Christmas cactus (Schlumbergera kautskyi): A lovely succulent that provides marvelous green foliage for year-round indoor interest. But, December is when this plant really shines. True to its name, the Christmas cactus will bloom around December in lovely dangling flowers of white to pink and red. This plant will live to be a very ripe old age, if well cared for. There is an enormous Christmas cactus in the state capitol conservatory in Olympia, WA that came over on the wagon trains in the late 1800’s and it still blooms beautifully every winter! Remember to water your cactus sparingly, stopping all together in late fall, to encourage blooming.
Poinsettia (Euphorbia pulcherrima): Light up your holiday home with a traditional favorite! Poinsettias are at their best when the cold weather sets in, making them the perfect holiday houseplant. Give them plenty of light and nice, warm temperatures and they will continue to flourish, long into the New Year. With showy red bracts in a compact growth pattern, it’s no wonder this evergreen perennial is a time-honored tradition. A poinsettia can potentially last for several years, if properly cared for. They can be kept inside, as a houseplant that will bloom in season, or can be planted outside after the holidays. They prefer mild temperatures and damp, but not soggy, soil.
Holly (Ilex sp.): Hollies come in all sizes, from tall trees to hedges to pint-sized bushes. Many hollies grow to be little trees that are suitable for the smallest garden or patio pots. Their glossy evergreen foliage gives winter color in your garden and the red berries give holiday decorations for your home. Holly flowers are small and inconspicuous, usually white or yellow. Most holly varieties need a male and female plant present, in order to produce berries. They don’t need to be right next to each other but just within pollinating distance. Otherwise, you may miss holly’s crowning attraction! Ask our educated nursery staff about which hollies can be planted alone and which need a male and female companion.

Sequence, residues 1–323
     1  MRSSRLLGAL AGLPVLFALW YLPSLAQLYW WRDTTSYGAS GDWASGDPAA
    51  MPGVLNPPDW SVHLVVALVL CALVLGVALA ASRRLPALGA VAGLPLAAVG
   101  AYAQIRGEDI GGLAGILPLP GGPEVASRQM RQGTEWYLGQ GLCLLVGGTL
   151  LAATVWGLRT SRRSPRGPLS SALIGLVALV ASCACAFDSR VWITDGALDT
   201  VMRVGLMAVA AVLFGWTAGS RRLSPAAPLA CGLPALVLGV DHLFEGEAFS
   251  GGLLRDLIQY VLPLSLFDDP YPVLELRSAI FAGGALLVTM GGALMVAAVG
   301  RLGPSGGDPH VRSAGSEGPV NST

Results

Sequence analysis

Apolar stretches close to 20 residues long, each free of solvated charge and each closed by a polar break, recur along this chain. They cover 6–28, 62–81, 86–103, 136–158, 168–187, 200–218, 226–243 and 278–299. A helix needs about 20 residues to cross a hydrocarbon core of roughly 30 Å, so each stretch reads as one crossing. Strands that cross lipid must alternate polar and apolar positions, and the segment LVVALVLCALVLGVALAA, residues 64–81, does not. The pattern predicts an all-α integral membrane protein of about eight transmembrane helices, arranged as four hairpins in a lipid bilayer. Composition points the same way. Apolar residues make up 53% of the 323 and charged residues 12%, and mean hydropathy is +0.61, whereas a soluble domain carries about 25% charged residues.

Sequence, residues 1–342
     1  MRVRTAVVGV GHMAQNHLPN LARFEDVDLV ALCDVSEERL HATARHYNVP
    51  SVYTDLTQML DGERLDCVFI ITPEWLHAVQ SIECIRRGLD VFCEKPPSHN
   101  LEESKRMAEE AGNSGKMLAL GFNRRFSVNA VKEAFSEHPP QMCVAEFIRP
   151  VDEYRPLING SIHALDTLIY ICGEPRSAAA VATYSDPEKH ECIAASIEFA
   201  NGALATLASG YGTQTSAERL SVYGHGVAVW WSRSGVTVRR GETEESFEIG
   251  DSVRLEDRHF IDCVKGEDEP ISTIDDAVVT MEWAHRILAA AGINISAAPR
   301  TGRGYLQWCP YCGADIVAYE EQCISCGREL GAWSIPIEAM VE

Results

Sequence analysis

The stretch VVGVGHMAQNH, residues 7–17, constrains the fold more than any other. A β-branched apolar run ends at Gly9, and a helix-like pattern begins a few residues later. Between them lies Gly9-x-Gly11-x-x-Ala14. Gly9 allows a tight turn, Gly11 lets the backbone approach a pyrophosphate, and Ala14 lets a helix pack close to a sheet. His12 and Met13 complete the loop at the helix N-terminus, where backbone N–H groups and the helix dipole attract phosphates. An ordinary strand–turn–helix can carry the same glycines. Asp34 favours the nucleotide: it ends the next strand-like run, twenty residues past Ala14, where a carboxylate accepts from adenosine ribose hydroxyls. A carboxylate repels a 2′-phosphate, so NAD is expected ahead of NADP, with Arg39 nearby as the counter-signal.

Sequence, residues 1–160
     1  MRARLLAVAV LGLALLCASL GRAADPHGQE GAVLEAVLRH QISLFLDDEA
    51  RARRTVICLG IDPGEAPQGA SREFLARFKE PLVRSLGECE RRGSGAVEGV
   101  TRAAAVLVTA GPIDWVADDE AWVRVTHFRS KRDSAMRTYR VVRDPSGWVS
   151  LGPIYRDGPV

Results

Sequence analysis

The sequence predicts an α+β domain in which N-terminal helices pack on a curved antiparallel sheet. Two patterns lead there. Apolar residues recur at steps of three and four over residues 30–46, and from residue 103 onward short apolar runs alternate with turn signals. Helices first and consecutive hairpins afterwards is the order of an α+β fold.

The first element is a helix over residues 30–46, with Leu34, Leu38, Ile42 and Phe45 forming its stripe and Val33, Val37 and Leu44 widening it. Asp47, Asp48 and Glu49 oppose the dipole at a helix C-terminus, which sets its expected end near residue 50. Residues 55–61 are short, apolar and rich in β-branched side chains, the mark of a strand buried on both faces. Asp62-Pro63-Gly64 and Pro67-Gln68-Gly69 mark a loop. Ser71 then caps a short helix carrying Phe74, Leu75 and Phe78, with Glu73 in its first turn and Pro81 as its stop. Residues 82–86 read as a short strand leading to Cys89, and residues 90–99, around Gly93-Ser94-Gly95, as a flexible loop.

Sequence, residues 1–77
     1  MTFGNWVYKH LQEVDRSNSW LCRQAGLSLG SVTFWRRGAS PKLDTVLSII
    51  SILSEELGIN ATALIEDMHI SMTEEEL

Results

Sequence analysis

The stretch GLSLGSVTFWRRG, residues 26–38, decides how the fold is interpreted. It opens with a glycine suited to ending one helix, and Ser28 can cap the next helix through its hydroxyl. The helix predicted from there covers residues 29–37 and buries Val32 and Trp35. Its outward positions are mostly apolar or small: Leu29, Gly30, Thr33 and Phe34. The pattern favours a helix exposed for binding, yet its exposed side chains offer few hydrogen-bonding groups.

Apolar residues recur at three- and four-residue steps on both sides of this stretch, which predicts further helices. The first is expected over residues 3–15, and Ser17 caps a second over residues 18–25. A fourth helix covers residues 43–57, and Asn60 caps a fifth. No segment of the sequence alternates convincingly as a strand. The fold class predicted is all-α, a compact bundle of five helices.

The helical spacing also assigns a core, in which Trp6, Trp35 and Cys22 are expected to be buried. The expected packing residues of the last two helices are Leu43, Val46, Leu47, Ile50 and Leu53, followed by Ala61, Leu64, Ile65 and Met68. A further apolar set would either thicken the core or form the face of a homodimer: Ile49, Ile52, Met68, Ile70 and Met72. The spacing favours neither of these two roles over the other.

Holiday Tree Care
When purchasing a cut Christmas tree, choose the freshest tree possible and cut the end off within 15 minutes of placing your tree in water, to ensure that it will soak up fresh water while in your home. It’s a good idea to keep your tree in a cooler part of the home, if possible; near a window is best. If choosing a living Christmas tree, make sure you have a place to plant it in your garden, after the holidays. It may be coaxed to make it until the ground thaws to be planted but will need lots of water and hardening off before it can live outside permanently.
Watching over the Garden
Check your garden often to see that no damage or disease is setting in to perennials, shrubs and trees. Remove any damaged material from plants, as needed, and add more mulch, as it settles and decomposes. Check your roses (Rosa sp.) and strawberry plants (Fragaria sp.), especially, to see if they need more mulch. Keeping roots well-insulated is a very important part of the winter gardening chore list. Be watchful for deer and other wildlife who may wander into your garden in December, looking for a tasty bite. Learn more about preventing deer in the June section of our Gardening Calendar (link).
You can also get creative, decorating your trees and shrubs for the holidays! String lights, hang shiny balls and tie ribbons around prominent branches. Celebrate the season inside and out!